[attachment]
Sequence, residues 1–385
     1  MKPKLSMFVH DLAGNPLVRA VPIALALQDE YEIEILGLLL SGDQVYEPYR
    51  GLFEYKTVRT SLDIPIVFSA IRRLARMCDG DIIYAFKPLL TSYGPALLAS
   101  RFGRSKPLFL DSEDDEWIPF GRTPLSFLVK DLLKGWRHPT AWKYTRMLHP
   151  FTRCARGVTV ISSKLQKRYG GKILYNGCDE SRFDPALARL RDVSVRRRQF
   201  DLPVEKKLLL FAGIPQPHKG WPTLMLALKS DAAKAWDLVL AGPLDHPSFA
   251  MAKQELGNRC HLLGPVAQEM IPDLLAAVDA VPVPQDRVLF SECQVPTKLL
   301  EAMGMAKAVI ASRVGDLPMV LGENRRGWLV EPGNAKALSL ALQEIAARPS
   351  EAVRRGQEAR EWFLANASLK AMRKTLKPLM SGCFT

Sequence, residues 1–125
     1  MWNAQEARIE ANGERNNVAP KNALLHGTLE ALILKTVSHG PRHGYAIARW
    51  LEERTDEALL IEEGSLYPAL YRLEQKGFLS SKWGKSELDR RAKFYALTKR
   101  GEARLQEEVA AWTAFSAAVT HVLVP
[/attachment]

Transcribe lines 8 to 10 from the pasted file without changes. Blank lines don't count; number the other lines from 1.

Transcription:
   301  EAMGMAKAVI ASRVGDLPMV LGENRRGWLV EPGNAKALSL ALQEIAARPS
   351  EAVRRGQEAR EWFLANASLK AMRKTLKPLM SGCFT

Sequence, residues 1–125